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At Harrison Elementary, the name of the game is kindness

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Nick Crow
March 16, 2014

JANESVILLE—Tami Burke witnessed a heart-warming act of kindness in her fifth-grade classroom at Harrison Elementary last week.

“In my class, students get tickets for good behavior and can earn things like lunch with the teacher and other perks,” Burke said. “It's also used as a teaching lesson. Students can owe the teacher for things they do wrong.”

Last week, which was Kindness Week at Harrison, a boy gave one of his classmates 30 tickets because he noticed his fellow student was falling behind.

“I think it was a really neat thing,” Burke said. “Their friend was so far behind that he was like, 'Here, have some of mine.'

“That's what we're trying to do, here—just make good people out of the students.”

Such stories give Harrison staff hope Kindness Week is teaching students respect, kindness and an understanding of paying it forward.

“I think equal weight to learning academics is people skills,” Burke said. “We want to teach them things that will help them in life. You have to know how to treat people. This gets them motivated and makes them feel good when they do something nice.”

Kindness Week was introduced to Harrison by Lara Pensy and her daughter Ariana, who is a fourth-grader at Harrison.

“No one has done this exact program here,” Pensy said. “I think it complements anti-bullying programs pretty well.”

Kindness Week teaches kindness through activities such as the Expressing Kindness Through Art Contest. Students who enter will create art they think illustrates kindness, Pensy said. Cash prizes will be awarded April 7 and will include pay-it-forward cash for charities chosen by the winning students, she said.

Outside of school, students will give people Kindness Coins when the students commit acts of kindness. The coins were custom made for Harrison, Pensy said.

Coin recipients will be able to log the coin numbers into a website and pass on the coins to other people with acts of kindness. The coins can be tracked on the website as they get passed with more acts of kindness, she said.

Students in second through fifth grades each received one coin last week.

“We're trying to instill in the kids they can make a difference in the world,” Principal Jessica Grandt-Turke said. “We're excited because this is also a way to get parents involved because a lot of the activities kids can do at home.”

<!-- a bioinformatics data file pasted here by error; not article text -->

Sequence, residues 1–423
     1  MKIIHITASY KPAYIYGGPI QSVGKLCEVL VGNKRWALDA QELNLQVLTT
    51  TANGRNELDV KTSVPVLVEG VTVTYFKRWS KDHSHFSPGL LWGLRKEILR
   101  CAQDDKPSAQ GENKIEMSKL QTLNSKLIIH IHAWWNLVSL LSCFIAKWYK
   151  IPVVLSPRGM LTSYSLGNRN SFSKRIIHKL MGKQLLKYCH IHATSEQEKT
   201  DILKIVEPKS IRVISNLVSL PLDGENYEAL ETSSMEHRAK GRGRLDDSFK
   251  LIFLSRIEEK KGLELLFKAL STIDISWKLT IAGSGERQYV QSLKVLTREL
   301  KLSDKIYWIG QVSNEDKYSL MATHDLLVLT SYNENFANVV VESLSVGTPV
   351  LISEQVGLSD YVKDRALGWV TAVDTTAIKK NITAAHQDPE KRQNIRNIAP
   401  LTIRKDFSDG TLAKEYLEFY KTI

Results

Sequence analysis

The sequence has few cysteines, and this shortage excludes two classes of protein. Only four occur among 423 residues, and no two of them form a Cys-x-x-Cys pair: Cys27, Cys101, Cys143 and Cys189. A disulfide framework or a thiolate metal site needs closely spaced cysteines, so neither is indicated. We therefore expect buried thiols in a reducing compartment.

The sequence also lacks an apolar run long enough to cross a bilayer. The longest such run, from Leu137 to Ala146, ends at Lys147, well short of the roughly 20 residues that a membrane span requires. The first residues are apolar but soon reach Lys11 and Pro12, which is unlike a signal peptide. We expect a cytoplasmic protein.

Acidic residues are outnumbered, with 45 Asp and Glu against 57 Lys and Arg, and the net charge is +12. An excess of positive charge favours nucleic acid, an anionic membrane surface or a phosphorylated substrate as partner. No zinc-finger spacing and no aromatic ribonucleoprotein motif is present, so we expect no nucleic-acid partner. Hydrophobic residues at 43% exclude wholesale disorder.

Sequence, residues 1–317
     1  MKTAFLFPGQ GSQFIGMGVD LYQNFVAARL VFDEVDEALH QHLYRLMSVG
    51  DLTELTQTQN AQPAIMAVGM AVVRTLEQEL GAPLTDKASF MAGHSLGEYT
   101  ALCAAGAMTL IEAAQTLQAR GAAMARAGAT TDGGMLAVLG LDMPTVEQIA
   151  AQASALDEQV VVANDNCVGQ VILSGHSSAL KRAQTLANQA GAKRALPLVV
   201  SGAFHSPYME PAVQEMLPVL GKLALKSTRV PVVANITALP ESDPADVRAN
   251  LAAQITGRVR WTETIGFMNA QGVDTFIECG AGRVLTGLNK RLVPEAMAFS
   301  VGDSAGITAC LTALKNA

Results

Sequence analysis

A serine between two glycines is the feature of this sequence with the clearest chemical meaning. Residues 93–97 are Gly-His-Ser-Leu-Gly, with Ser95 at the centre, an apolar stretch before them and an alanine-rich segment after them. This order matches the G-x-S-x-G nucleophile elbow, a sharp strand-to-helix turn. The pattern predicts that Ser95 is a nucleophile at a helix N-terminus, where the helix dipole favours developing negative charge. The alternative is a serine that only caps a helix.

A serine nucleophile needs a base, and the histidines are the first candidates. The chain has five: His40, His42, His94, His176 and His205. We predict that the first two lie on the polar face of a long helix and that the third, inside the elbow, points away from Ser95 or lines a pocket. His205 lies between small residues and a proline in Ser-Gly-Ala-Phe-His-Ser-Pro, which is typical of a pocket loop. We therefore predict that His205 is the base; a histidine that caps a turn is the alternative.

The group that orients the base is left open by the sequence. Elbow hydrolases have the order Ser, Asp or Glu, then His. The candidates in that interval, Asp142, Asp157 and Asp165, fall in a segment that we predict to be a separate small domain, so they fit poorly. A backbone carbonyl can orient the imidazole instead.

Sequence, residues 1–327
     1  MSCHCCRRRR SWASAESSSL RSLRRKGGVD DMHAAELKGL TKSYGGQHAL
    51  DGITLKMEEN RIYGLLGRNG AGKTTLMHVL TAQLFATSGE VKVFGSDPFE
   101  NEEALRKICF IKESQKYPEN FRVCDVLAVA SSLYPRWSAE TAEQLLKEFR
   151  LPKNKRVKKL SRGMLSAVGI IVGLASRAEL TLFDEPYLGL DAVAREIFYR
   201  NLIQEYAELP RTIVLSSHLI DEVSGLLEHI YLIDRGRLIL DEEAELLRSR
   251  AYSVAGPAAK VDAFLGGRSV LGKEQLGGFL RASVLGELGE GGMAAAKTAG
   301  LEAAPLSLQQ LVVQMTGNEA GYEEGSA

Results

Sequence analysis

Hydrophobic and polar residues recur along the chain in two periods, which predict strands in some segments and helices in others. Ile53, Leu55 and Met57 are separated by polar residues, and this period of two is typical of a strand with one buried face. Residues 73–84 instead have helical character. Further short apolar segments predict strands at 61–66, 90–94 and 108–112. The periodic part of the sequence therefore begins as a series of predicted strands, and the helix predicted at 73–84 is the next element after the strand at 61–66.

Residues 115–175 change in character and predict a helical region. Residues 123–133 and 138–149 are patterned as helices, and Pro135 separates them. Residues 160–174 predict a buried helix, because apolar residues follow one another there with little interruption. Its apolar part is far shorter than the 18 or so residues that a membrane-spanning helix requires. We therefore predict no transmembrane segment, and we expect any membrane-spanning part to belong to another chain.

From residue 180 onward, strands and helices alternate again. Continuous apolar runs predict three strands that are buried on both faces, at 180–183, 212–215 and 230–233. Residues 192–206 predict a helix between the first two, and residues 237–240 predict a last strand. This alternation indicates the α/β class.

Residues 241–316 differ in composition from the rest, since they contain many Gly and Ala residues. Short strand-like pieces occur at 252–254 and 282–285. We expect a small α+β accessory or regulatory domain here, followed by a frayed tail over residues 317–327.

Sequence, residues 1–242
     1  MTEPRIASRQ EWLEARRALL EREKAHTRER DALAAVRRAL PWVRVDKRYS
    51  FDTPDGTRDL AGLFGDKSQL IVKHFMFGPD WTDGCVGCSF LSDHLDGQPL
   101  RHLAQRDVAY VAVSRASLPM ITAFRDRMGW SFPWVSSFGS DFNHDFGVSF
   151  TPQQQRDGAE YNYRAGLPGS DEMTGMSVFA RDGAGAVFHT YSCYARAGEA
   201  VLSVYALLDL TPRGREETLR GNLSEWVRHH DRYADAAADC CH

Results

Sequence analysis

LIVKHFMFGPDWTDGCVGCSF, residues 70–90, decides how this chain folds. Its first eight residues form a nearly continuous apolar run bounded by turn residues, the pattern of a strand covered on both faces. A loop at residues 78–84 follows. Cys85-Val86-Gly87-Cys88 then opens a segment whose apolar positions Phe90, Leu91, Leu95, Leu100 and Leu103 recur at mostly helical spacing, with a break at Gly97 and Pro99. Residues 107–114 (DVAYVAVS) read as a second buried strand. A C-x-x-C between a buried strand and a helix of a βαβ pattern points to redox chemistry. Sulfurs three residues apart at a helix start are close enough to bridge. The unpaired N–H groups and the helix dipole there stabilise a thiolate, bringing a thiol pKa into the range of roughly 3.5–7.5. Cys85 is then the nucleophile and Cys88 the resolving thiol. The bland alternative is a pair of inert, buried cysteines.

Pensy created a kindness bulletin board that reads “we can change the world with kindness” and asks students to “fill their buckets” with kindness.

“It teaches kindness all over,” Pensy said. “Filling your bucket at any age group.”

The kindness events at Harrison were inspired by Ariana Pensy receiving the Charlotte Bacon Act of Kindness Award last February in Newtown, Conn., Pensy said.

The organization Newtown Kindness was formed in memory of Charlotte Bacon, who died in the Sandy Hook Elementary School shootings. The goal of the group is not to focus on the tragedy but to foster kindness in children and acknowledge them for their kind acts, Pensy said.

“This week teaches people that you shouldn't just be kind at school,” said Zoe Williams, a fifth-grader at Harrison. “You should be kind everywhere. This week is for showing kindness, especially outside of school.”

Williams said she liked the idea of passing the coins outside of school and then tracking them online as they pass from person to person.

“Kindness makes me feel safe,” Williams said. “All I can say is it's very important to be kind.”

Grandt-Turke said its the responsibility of educators to teach character as much as academics.

“This complements character education,” Grandt-Turke said. “It's an extension of that. Families can get involved, and it can take place outside the walls of Harrison. What we do here has a ripple effect. The whole thing is about connecting people.”

Madison Burrow, 11, said she plans to enter the art contest because she likes art and likes the idea of Kindness Week.

“You should be kind and care about the earth, and when you are, you'll get kindness back,” Burrow said. “It's important.”

Harrison Elementary Student Council members made announcements each day during Kindness Week to remind peers of its importance and give examples of kindness. Students and staff wore red last Wednesday as a reminder to be kind.

“This is a week for being especially kind,” fifth-grader Kayley Ellis, said. “It's very important because if you're not kind, you can't expect people to be kind to you. If you're kind, people will treat you better.

“Kindness should be everywhere.”



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